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Non-Clinical Applications Of AT

In addition to its capacity to enhance the healing and recuperative powers of the body, AT appears to rebalance our mental faculties and bring closer harmony between the analytical left hemisphere of the brain and the more emotional, inspirational and creative right hemisphere.

The result seems to be an inner calmness, a sense of well-being, and a certain kind of detachment. Clients of AT report a greater access / connection to feelings and intuition, but also an increased capacity for objectivity and rational thought, including an objectivity about their own emotional responses.

In short, AT seems to enhance whole brain thinking and feeling, which may explain the benefits it can bring in many walks of life. Artists, writers and musicians, for example, often report enhanced creativity and imagination.

AT In Sport
AT has been used to enhance the performance of athletes in various fields. In his published study on AT, Autogenic Therapy, Luthe described a variety of benefits including improved reaction times and co-ordination, greater endurance and more rapid recuperation.

Experience with European athletes and with British rifle and pistol shooting teams suggest that performance improvements are partly the result of reduced tension and anxiety in the face of competition.

Anecdotal evidence from autogenic therapists backs up the notion of improved performance in sport (golf, horse riding and training, tennis).

AT In Business And Industry
Research commissioned by the UK Health & Safety Executive (HSE) has found that up to 5 million people in the UK feel ‘very’ or ‘extremely’ stressed by their work and that a total of 12.8 million working days were lost to stress, depression and anxiety in 2004/5.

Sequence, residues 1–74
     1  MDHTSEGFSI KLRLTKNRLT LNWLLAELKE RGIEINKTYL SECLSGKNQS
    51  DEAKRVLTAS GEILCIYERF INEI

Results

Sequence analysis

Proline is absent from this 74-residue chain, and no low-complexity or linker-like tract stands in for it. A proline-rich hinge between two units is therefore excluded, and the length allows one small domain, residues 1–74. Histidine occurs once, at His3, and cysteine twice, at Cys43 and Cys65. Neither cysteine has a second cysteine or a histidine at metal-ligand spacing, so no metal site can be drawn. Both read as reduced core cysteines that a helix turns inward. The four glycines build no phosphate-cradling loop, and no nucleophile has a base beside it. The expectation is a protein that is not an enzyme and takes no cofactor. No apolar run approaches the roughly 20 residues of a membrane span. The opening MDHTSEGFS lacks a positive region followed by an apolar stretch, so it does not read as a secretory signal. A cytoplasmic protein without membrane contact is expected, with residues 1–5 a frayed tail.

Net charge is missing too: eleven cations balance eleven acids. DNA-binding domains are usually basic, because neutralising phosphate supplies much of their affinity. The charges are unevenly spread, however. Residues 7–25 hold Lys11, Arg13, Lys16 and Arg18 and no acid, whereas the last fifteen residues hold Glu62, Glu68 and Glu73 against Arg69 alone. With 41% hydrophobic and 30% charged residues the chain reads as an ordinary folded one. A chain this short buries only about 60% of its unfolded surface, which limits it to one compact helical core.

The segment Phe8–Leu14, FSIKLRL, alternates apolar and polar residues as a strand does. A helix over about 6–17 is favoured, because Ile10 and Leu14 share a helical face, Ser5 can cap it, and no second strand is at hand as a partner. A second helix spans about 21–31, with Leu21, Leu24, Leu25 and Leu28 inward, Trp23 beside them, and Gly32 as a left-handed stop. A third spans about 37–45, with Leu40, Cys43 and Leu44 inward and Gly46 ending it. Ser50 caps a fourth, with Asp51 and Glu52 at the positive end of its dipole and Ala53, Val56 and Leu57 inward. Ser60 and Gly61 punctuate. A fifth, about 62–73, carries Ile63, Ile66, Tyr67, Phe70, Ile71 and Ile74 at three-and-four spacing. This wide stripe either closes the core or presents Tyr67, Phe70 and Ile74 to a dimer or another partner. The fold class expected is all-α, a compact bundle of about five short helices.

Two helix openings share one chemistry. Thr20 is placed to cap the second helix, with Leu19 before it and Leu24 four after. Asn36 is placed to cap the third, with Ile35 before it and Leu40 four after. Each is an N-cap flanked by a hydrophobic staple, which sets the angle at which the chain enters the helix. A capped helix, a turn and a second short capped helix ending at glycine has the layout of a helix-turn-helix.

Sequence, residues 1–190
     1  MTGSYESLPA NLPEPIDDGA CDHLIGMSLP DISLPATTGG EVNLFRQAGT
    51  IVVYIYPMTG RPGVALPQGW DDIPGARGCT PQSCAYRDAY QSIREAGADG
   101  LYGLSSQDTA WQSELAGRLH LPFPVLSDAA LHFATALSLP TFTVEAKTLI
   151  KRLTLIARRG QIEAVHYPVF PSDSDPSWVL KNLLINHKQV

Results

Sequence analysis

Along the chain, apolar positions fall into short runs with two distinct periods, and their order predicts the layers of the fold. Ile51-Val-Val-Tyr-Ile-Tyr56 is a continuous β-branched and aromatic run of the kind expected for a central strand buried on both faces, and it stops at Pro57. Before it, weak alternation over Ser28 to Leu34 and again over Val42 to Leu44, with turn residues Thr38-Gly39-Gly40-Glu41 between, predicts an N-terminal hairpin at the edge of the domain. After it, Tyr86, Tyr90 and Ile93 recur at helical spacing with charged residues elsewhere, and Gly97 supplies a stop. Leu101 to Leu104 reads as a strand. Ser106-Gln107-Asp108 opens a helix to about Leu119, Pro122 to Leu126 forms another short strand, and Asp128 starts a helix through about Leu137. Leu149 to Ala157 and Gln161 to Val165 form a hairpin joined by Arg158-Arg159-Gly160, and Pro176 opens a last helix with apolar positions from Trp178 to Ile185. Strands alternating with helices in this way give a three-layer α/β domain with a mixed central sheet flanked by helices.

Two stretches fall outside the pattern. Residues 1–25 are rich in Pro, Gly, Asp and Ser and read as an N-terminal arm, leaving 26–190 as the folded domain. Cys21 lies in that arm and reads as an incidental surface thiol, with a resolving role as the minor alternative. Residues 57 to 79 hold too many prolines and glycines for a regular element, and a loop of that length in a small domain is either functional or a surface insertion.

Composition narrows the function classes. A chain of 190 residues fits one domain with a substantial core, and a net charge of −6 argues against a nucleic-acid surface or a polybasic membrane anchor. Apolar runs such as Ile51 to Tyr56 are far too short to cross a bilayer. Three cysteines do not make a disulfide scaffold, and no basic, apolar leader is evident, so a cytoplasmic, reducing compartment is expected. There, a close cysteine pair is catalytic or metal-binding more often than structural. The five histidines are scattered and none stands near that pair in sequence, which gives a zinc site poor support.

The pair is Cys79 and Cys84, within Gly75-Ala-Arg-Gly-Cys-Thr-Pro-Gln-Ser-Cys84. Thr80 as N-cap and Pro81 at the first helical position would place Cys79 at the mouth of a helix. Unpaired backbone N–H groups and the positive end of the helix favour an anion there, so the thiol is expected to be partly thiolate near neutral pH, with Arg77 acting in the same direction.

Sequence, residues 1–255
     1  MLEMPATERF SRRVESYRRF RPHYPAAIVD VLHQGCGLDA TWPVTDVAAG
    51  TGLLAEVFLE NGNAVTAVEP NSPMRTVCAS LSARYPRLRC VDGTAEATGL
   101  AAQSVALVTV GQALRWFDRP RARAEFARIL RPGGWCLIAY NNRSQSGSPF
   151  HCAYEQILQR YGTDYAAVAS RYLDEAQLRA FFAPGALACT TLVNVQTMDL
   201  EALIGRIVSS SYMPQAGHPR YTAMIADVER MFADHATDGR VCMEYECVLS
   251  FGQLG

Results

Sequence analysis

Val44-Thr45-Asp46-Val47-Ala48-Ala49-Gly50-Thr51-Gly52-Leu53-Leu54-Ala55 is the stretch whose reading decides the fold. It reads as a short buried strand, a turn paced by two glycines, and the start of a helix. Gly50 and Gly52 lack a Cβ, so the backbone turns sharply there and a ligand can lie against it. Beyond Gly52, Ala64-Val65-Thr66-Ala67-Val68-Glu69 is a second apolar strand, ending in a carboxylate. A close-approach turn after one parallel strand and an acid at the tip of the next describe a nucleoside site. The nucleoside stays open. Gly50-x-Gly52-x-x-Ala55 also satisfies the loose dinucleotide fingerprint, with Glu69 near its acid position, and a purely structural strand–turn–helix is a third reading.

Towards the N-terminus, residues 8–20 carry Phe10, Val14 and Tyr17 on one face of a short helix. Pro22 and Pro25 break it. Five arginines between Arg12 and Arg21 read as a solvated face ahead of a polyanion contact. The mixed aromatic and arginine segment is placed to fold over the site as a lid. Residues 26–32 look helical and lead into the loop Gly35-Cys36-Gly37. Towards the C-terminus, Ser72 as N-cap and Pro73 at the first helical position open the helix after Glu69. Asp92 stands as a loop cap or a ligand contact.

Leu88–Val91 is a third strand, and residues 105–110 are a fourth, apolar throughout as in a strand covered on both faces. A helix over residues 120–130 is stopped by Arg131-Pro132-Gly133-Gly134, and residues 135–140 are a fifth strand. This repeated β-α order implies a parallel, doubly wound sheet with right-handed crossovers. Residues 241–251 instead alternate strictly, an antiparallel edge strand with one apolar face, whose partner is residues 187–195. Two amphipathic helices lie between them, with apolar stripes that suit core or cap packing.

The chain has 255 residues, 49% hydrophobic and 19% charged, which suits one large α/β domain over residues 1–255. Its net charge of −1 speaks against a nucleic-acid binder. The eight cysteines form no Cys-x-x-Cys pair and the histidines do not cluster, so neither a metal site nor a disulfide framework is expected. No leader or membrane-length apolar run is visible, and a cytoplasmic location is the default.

AT has been used extensively in industry to reduce the effects of occupational stress. Luthe reported a number of benefits among employees including more restful sleep patterns, improved attitudes to colleagues, greater job satisfaction, increased initiative and productivity, less fatigue, and easier decision-making. Executives reported keener powers of reasoning during protracted negotiations. Colleagues of UK therapists taught AT in Holland to airline crews to combat jet lag and insomnia.

AT In Education
Luthe discovered that teaching AT to school children to relieve specific disorders (such as bronchial asthma, enuresis and stuttering) led to a number of other benefits, including improved attention and concentration, better classroom behaviour, and improved test performance. Luthe’s post-graduate students reported that they could maintain a higher workload in the face of exams and assignment deadlines if they practised AT regularly.

AT In Everyday Life
To many, the principal benefit of AT is that it creates a calm centre from which to cope with the stresses of every-day life.

‘I call it the crying over spilt milk syndrome,’ says Autogenic Therapist Jane Bird. ‘When I began learning AT I really did spill some milk and I thought “OK, I can mop that up”. As I was doing it, I realised I wouldn’t have reacted so calmly before AT. It doesn’t change situations, but it does alter your reaction to them. AT is ideal for people with assertiveness problems. After AT, people are surprised that “I’m speaking my mind as I never have before”. AT is a discipline that, once learned, is yours for life. I wish I’d learned it before pregnancy, because the feelings of calmness would have been transmitted to the baby, helped labour and delivery, and those early trials and tribulations of motherhood. However, I learned AT when my children were small – still a useful application!’

(Article Top Santé 1995 – adapted here by Jane Bird)

References
* Schultz, Dr Johannes H & Luthe, Dr Wolfgang. Autogenic Therapy Vols 1 – 6, Grune & Stratton, New York, 1969
* Vanek, M & Cratty, B J Psychology and the Superior Athlete, McMillan, London, 1970